Until the mid twentieth century, a house cooling system meant ... a fan, and before that, a window. The key difference between a simple fan and an air conditioner is dehumidification -- an important distinction, because, as the saying goes, "it's not the heat, it's the humidity" that makes Washington, D.C., area residents uncomfortable in the summer.
The problem with air conditioners is that they are energy hogs. A conventional air conditioner uses a pump to compress and expand a refrigerant, supercooling the air and causing the water vapor in the air (the humidity) to condense (become liquid). It dumps the collected water outside. This takes a lot of energy and generally it can only be done with electricity. Electricity is generally a lot more expensive to create than heat, for example, making conventional AC cost more too.
The LEAFHouse team is exploring a technology relatively new to single-family home design called a Desiccant System. This concept has been proven sound on larger buildings. The basic idea is to use a material called a desiccant (in our case a type of salt called calcium chloride) to absorb water directly from the air without all the complicated machinery and energy requirements of conventional AC. As the desiccant absorbs water, it becomes diluted and its ability to dry the air declines. The desiccant needs to be regenerated. This can be done by simply heating up the desiccant and letting the water evaporate to the outside air. Thus, the desiccant is concentrated and ready to return to its job of drying the indoor air. LEAFHouse uses heat from the Solar Hot Water collectors to regenerate the desiccant. Remember that heat is a lot easier and cheaper to make than electricity, so this is a BIG improvement over conventional AC for dehumidification.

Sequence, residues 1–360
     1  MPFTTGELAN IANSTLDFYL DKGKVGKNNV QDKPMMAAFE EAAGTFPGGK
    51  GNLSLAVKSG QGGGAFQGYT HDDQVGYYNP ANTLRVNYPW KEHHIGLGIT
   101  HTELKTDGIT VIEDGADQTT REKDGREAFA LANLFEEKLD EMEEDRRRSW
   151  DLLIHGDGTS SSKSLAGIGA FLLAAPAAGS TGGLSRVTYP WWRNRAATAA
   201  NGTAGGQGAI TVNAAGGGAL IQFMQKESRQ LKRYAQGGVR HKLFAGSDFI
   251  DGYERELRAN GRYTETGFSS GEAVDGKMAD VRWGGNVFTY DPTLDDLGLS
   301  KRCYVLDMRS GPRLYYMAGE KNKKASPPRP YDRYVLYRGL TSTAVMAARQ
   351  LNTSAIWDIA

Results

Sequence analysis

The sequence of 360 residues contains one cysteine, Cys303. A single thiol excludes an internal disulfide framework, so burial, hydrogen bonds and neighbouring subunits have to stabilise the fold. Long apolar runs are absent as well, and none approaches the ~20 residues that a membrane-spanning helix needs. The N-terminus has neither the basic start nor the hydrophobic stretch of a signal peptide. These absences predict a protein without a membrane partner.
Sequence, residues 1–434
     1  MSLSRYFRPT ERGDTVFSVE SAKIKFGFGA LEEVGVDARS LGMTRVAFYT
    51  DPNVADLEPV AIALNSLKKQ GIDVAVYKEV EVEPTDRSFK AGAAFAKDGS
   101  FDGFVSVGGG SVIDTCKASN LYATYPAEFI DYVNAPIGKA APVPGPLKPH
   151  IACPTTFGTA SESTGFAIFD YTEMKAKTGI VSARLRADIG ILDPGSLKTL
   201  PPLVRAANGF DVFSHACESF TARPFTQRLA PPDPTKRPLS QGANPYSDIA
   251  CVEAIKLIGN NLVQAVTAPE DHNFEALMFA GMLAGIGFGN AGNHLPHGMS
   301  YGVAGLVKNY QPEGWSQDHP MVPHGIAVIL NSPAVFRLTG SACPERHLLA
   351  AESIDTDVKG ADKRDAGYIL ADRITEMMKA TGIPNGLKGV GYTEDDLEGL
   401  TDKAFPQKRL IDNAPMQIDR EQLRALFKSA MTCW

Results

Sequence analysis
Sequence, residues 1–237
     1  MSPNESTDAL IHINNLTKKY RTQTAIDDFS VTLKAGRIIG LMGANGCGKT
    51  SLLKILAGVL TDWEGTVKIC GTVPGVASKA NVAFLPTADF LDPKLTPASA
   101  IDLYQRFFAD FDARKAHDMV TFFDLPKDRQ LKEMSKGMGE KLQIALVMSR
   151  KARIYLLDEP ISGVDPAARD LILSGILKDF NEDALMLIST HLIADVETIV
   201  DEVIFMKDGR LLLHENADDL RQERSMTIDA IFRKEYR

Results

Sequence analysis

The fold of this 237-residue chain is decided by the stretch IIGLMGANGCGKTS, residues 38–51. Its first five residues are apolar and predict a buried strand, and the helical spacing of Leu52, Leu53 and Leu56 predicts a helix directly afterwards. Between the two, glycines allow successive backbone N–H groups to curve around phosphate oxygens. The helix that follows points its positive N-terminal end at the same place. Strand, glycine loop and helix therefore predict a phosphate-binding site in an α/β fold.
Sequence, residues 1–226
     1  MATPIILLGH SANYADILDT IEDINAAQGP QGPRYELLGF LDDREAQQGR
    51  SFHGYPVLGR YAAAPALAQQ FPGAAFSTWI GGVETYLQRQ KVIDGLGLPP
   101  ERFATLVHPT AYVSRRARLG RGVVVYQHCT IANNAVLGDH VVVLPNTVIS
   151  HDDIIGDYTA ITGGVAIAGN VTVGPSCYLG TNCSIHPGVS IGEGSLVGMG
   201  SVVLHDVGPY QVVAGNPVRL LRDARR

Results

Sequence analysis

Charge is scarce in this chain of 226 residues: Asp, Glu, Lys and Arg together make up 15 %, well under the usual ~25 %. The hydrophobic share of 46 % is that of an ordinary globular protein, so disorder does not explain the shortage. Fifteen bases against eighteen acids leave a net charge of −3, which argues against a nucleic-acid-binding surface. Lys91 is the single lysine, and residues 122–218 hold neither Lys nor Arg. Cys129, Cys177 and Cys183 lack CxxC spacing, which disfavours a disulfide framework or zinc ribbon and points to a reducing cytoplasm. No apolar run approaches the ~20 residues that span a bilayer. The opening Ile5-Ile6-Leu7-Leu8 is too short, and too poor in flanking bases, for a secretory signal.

Most commercial systems use a solid desiccant. LEAFHouse has taken the innovation of desiccant systems a step further by using a LIQUID desiccant. We believe this will make the system safer, easier to maintain, and cheaper too.True to our philosophy of integrating technical and aesthetic goals, we have chosen not to hide the Liquid Desiccant Waterfall (LDW) system, but to make it a beautiful and functional indoor 'water feature'. Likewise, the regenerator is a prominent techno-sculptural element that will greet visitors on the Mall as they approach the front door to the house.
D.C. residents know that humidity, not necessarily the heat, makes the summertime sticky and miserable.
Faculty Advisor Dr. Kaye Brubaker demystifies this dehumidification system.